One of the reasons I had a baby (of course there are a lot of other, perhaps more important reasons too, but still) was so that I could sign him or her (in this case a him) up for nippers. I would first need to live near a beach which isn’t too hard in Australia since there are 25,760 km of coastline (Canada has the longest coastline, 244,781 km, but who would ever want to swim in any of it…). I’d have to move to Australia first of course. I’d also have to wait a few years for baby boy to get big enough to join. Details. The point is I’m a fan of the little nippers programme which in Australia is over 62,866 kids between 5 and 13 years old who regularly meet on the beach to learn how to swim, body board, dolphin-dive, spot a rip and general water safety. They wear little caps and run up and down the beach while their parents socialize in the background and eat egg and bacon rolls (my favourite part of this whole scenario), oh and drink hot chocolate.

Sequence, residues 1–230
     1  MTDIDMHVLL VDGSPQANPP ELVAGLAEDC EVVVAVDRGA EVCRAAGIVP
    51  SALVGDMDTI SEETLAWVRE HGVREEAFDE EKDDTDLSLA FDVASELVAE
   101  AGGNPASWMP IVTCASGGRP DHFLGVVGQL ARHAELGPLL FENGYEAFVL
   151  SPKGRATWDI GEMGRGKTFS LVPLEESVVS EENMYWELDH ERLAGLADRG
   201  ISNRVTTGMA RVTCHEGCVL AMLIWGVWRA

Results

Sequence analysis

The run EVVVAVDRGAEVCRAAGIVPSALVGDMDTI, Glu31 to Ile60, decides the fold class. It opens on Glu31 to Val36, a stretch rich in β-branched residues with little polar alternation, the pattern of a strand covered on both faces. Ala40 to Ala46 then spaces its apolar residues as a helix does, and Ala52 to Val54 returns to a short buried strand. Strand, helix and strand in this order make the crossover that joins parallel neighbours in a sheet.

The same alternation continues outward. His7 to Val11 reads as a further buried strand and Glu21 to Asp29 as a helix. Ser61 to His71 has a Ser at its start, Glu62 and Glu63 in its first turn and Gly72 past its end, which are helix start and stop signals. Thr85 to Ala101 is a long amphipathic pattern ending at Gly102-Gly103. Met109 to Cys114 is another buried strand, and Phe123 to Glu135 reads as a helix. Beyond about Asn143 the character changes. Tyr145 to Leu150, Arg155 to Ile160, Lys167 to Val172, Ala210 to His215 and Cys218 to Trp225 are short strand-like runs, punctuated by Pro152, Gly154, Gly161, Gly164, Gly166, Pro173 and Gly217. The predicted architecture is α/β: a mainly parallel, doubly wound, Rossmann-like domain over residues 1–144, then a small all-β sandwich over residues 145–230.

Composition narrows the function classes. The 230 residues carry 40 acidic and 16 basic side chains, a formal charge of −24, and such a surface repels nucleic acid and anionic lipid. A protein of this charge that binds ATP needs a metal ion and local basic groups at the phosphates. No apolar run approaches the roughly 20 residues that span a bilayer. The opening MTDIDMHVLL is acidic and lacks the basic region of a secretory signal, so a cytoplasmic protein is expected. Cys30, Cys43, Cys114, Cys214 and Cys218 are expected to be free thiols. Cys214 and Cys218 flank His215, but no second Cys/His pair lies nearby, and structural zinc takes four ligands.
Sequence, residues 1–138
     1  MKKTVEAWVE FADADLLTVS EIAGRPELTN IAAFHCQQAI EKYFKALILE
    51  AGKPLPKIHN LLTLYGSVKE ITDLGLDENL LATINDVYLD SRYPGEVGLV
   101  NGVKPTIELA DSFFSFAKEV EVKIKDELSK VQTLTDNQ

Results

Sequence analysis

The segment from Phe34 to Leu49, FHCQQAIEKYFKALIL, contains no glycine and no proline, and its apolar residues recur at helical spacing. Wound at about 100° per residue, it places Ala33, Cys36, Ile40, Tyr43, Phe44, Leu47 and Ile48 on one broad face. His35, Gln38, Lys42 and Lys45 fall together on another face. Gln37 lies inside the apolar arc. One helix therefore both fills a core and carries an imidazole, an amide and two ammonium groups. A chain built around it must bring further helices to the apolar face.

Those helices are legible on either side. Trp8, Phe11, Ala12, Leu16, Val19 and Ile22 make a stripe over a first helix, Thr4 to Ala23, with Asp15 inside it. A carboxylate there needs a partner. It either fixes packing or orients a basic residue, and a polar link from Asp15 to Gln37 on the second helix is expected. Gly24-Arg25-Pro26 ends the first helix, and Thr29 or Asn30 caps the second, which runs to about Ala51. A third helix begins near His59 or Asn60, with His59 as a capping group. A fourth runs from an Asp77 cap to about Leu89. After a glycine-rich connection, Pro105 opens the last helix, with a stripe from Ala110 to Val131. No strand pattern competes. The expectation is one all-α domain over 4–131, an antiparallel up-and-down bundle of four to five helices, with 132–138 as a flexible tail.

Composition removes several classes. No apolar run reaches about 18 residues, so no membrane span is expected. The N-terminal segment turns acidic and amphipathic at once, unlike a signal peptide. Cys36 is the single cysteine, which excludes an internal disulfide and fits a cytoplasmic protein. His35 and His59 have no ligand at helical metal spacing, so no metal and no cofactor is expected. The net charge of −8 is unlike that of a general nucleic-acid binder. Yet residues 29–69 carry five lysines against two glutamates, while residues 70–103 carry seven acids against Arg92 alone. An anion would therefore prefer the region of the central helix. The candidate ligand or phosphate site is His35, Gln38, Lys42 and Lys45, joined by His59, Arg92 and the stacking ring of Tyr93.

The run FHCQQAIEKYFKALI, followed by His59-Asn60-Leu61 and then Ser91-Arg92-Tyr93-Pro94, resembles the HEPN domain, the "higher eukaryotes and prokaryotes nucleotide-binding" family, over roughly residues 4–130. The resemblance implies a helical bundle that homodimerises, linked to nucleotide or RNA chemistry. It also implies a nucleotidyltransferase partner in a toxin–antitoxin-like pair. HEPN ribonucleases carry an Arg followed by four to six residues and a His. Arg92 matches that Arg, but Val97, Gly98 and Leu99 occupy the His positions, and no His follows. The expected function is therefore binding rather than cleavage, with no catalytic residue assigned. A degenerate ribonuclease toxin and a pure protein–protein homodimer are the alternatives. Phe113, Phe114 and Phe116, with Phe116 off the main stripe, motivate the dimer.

Nippers programmes are run by local Surf Life Saving Clubs of which there are hundreds across the country. These clubs also have buildings on the beach, not surprisingly with incredible views, often with a restaurant and/or café/bar. The view at the Angelsea Surf Life Saving Club is so beautiful the friends that we were visiting had their wedding ceremony here.

Each Surf Live Saving Club has its own rich history. This one was first formed in 1929 but closed in 1931 with attempts to restart the club failing. A dramatic surf ski rescue by June Baker in November 1951 of three people in rough seas was the catalyst to the founding of the current Angelsea Surf Life Saving Club in 1952. The club took on the colours green and white so the little caps the members use when swimming use are white with bottle green hoops on either side.

In the café I sat next to the beautiful Caitlin who just a few minutes before had made me this colourful bracelet using a kit of beads she got for Christmas. She ordered a bubba cino, a small cup of warm milk served with a marshmellow and sprinkles.  My hot chocolate ($4) was equally colourful. It was a nice hot chocolate for watching the waves and spending time with old friends.

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Verdict: Surf Life Saving clubs also have programmes for older kids and adults of all ages…and they all get to wear the little hats and eat egg and bacon rolls after. Bonus. Angelsea Surf Life Saving Club and the deck café & Bar, 100 Great Ocean Road, Angelsea, Australia



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